Two Days in Gaza
Being in Gaza reminds me of the analogy of the frog in boiling water. Throw the frog into boiling water and it will jump out. But heat up the water slowly the frog will stay in there until it dies.
In some ways much of what I’ve seen in Gaza over the past few days is very normal – meeting mothers going about their daily life and children going to summer camp – but underlying is a real poverty of rights. Free movement is the first.
Getting into Gaza requires passing through Erez checkpoint, an airport style terminal designed for 60,000 people. Since the blockade of Gaza in 2007, which restricts movement of people as well as imports of construction materials and fuel from Israel, only a handful of people pass through each day – mainly international charity workers like me and UN staff.
These restrictions, combined with opening or closing of the tunnels by the Egyptians on the other side of Gaza’s border, stifle what was once a developing
economy in Gaza, predominantly through exports of vegetables, fruit and furniture.
I have worked with Israelis and Palestinians and am well aware of the narratives on both sides, simplistically broken down to security versus
occupation, but regardless of who is wrong or right, one thing is certain. It is children on both sides who are paying the price.
Education is the one of the main things to suffer. I visited several kindergartens supported by Save the Children. The first one, Zam Zam, had its windows blown out during the Israeli Operation Pillar of Defence last November.
Support for children
Save the Children has rebuilt the windows using shatterproof plastic and set up a slide and a see saw for children to play. One of the little boys I met there told me shyly “my favourite thing about the kindergarten is playing with the toys and on the slide”.
The second kindergarten I visited, Al Toyyour, had been destroyed and Save the Children had to identify another building to get the children back into school. Many of the children I met hadn’t wanted to go back to the kindergarten, being too scared to leave their families.
Even when the children do get to the kindergarten they are still traumatised by the heavy airstrikes they witnessed a few months ago. Without exception every mother told me that their child wet their bed, were scared to leave the house and cried every time they heard a aircraft sound.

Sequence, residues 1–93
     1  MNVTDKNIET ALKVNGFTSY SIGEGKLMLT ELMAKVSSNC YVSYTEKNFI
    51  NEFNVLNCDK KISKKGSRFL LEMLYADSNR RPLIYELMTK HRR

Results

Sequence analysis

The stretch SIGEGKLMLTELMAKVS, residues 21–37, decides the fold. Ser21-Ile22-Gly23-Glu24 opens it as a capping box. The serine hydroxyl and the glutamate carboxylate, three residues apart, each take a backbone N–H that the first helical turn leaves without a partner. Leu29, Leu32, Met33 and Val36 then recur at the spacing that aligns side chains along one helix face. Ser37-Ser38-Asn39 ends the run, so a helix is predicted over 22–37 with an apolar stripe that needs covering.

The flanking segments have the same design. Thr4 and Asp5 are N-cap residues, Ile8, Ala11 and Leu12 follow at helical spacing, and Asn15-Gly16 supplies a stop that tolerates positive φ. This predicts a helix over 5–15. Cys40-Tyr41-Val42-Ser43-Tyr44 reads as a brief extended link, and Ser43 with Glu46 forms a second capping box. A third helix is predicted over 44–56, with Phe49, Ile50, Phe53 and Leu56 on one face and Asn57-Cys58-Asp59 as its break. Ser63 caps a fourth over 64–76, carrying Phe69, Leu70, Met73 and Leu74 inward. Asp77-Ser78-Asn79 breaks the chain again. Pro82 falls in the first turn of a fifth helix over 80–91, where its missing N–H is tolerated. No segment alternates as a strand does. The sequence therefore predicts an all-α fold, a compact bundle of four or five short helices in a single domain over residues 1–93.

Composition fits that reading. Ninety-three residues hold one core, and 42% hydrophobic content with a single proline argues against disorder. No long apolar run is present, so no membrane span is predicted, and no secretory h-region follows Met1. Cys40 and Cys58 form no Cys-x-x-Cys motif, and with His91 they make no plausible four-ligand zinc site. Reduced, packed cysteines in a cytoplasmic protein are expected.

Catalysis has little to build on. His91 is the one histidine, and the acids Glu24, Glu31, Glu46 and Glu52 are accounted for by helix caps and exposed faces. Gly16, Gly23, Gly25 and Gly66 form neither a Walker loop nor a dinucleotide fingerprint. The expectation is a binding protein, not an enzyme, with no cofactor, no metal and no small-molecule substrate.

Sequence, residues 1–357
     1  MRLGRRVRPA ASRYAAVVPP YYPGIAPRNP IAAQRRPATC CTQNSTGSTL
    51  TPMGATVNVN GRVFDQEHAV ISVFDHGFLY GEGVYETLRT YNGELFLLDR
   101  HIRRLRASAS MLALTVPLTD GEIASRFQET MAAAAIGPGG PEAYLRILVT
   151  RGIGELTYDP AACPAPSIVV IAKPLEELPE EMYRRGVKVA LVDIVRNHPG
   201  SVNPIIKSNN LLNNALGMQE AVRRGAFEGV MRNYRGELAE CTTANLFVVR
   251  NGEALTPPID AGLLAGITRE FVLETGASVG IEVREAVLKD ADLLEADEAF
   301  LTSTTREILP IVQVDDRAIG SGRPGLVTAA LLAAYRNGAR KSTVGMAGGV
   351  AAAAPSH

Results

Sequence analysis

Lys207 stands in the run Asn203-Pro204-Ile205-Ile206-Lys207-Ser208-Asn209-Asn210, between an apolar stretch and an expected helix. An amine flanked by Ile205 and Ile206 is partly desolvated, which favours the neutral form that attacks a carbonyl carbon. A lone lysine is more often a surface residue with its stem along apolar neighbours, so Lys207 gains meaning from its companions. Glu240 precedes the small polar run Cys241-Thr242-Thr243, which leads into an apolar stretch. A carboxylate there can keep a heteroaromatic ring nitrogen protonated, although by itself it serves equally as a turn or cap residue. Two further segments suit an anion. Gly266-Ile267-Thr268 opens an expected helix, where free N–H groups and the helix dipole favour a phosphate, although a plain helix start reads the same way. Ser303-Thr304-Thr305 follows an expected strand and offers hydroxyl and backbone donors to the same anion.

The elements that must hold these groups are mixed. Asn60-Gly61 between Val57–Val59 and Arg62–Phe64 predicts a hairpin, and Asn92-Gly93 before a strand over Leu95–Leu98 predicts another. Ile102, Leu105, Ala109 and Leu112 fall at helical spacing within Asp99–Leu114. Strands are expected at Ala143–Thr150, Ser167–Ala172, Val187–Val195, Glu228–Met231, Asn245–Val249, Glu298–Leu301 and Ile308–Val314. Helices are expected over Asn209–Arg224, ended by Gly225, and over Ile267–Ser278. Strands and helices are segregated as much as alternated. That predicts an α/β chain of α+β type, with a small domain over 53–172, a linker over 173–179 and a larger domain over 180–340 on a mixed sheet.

The psychosocial support Save the Children is offering to these children is vital. We run one on one counselling sessions and try to give children the chance to just be children again through summer camps and plays.
We visited Al Toyyour Kindergarten during a summer camp and it was definitely heart-warming to see children smiling and playing,they and their mothers dressed up in their best clothes.
Many of the children I met want to be a doctor, a teacher or an engineer when they grow up, which gave me hope in the next generation.
The next issue is healthcare. 80% of Palestinians in Gaza are reliant on food aid and most of Gaza’s water is undrinkable. I visited a Save the Children health clinic and was shocked to see babies malnourished to the levels we in the UK associate with famine in parts of sub-Saharan Africa. The problem is twofold; lack of nutritious food and lack of knowledge.
Through our daily clinic we educate mothers on how to prepare nutritious food with what’s available and how to keep their babies healthy. One mother stood up and said “I am married to a physician and have four children but it was only in coming to this clinic and being part of our awareness raising that I realised the importance of breastfeeding. I am now breastfeeding my youngest child.”
Everything I saw in Gaza made me say a prayer of thanks that Save the Children is here and helping. But without a political resolution, free movement, safe passage to education and healthcare, the boiling pressure of everyday life has and will become untenable.
Read our report Gaza’s Children: Falling Behind which examines the impact of the blockade on child health in Gaza.